Cognitive and affective components of Theory of Mind in preschoolers with oppositional defiance disorder: Clinical evidence

Nuria de la Osa, Roser Granero, Josep Maria Domenech, Simone Shamay-Tsoory, Lourdes Ezpeleta

Research output: Contribution to journalArticlepeer-review


The goal of the study was to examine the affective-cognitive components of Theory of Mind (ToM), in a community sample of 538 preschoolers, and more specifically in a subsample of 40 children diagnosed with ODD. The relationship between affective and cognitive ToM and some ODD clinical characteristics was examined. Children were assessed with structured diagnostic interviews and dimensional measures of psychopathology, impairment and unemotional traits. A measure based on eye-gaze was used to assess ToM. Mixed analysis of variance compared the mean cognitive versus affective scale scores and the between-subjects factor ODD. The association between ToM-scores and clinical measures was assessed through correlation models. Execution and reaction time to emotional and cognitive components of ToM tasks are different at age 5 in normally developing children. Oppositional Defiant children had slower response time when performing the affective mentalizing condition than children without the disorder. The correlation matrix between ToM-scores and clinical measures showed specific associations depending on the impaired ToM aspect and the psychological domain. Results may have clinical implications for the prevention and management of ODD.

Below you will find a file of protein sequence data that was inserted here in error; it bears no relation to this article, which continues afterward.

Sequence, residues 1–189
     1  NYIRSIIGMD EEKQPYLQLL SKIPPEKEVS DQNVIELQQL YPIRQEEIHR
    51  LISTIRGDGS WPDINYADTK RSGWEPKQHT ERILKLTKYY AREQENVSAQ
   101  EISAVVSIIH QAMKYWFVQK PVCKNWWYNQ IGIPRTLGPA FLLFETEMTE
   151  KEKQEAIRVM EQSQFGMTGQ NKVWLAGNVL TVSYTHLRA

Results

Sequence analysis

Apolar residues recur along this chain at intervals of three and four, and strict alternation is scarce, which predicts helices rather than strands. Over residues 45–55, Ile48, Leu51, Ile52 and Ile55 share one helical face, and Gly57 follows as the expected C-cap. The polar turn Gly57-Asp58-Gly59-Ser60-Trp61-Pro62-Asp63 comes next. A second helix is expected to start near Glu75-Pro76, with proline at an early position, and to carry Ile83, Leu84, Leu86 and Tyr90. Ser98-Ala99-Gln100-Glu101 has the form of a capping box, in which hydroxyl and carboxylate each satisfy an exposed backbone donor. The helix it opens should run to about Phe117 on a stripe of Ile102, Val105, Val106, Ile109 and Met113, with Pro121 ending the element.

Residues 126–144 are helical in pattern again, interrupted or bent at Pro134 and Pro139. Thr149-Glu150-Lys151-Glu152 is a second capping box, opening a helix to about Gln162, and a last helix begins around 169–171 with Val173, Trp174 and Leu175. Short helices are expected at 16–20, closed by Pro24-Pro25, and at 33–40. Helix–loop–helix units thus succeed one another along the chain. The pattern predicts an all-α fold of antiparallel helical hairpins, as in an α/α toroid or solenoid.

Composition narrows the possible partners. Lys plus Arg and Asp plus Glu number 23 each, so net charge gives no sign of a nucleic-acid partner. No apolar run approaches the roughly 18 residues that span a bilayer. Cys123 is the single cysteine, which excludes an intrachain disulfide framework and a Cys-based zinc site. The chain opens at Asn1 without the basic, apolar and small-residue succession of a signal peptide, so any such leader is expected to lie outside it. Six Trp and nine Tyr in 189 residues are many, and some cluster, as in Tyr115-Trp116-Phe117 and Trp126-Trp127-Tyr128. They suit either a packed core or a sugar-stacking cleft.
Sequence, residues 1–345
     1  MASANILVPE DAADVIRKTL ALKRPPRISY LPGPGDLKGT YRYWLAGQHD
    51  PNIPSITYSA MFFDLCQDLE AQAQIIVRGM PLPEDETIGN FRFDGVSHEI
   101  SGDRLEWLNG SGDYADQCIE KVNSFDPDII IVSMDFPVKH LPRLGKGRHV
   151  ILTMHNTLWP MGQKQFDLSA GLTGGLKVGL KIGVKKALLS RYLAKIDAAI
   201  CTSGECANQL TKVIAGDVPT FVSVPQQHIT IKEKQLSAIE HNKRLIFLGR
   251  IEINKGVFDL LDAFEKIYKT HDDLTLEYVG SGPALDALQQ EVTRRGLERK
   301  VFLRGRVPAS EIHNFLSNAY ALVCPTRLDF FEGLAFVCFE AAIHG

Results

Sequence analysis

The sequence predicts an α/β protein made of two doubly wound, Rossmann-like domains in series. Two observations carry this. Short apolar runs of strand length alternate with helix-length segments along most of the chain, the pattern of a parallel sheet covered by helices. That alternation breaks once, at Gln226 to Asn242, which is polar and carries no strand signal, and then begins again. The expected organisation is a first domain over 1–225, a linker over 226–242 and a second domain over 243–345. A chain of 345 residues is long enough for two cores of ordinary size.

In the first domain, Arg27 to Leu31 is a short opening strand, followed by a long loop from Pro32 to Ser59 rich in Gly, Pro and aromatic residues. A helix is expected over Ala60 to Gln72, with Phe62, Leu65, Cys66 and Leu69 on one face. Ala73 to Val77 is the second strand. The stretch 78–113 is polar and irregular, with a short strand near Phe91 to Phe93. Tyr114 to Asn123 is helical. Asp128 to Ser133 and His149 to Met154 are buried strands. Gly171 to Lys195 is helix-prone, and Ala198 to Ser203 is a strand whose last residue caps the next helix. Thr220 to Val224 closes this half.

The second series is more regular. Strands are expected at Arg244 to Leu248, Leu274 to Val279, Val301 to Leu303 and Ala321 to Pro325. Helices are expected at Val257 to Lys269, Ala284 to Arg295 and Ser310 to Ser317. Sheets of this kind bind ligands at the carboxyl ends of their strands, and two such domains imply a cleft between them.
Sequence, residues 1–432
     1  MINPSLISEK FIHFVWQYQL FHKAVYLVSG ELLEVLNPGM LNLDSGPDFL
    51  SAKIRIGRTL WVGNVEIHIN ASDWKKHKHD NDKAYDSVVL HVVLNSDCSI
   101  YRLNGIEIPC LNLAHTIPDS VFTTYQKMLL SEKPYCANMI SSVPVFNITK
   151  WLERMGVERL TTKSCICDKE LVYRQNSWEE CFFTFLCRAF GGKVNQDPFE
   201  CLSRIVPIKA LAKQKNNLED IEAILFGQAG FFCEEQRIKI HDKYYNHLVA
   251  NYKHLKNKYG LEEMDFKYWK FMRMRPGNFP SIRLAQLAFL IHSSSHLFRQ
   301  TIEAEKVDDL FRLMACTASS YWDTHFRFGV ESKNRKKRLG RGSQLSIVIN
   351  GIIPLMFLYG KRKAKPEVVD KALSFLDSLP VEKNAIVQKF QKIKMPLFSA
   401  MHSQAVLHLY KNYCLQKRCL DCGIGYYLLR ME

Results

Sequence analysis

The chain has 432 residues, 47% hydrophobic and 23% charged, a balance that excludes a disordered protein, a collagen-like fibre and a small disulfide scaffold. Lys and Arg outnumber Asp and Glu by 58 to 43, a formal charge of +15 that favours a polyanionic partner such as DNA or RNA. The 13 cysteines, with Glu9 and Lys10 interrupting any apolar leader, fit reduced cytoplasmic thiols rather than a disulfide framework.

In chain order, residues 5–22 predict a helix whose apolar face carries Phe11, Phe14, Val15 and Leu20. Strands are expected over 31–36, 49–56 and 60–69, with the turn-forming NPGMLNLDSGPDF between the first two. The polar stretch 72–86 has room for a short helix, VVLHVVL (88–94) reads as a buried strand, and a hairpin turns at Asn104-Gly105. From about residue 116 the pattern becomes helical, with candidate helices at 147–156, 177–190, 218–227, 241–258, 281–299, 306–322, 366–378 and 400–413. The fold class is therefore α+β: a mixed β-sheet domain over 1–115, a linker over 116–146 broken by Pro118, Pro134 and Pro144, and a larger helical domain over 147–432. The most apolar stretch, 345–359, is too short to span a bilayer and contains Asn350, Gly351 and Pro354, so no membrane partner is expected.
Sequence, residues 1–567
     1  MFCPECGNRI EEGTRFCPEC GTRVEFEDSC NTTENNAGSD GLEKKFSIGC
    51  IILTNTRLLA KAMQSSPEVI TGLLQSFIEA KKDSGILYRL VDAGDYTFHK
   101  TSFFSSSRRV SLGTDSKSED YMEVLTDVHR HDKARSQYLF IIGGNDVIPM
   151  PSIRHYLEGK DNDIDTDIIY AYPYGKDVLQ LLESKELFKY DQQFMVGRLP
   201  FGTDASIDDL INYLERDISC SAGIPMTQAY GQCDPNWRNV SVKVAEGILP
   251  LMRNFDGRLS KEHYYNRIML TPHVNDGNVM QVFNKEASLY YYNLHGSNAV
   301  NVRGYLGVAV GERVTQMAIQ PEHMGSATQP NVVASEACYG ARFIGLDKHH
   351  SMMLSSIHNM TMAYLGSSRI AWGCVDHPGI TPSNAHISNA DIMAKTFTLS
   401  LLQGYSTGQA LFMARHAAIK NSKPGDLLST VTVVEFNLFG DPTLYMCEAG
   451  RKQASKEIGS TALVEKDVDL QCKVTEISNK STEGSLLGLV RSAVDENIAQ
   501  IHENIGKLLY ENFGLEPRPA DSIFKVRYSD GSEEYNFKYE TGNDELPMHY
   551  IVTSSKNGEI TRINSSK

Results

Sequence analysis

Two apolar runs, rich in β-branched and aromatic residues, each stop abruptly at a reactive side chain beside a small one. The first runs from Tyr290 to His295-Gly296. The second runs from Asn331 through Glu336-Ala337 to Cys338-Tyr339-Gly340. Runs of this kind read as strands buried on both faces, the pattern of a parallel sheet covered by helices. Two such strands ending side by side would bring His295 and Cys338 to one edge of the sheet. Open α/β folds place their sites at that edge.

Original languageEnglish
Pages (from-to)128-134
Number of pages7
JournalPsychiatry Research
StatePublished - 30 Jul 2016

Bibliographical note

Funding Information:
Funding for this study was provided by the Spanish Ministry of Economy and Competitiveness [ PSI2012-32695 ] and [ PSI2015-63965-R ], and Secretaria d’Universitats i Recerca, Departament d’Economia i Coneixement de la Generalitat de Catalunya [ 2014 SGR312 ].

Publisher Copyright:
© 2016 Elsevier Ireland Ltd.


  • Oppositional Defiant Disorder
  • Preschoolers
  • Social cognition
  • Theory of Mind

ASJC Scopus subject areas

  • Psychiatry and Mental health
  • Biological Psychiatry


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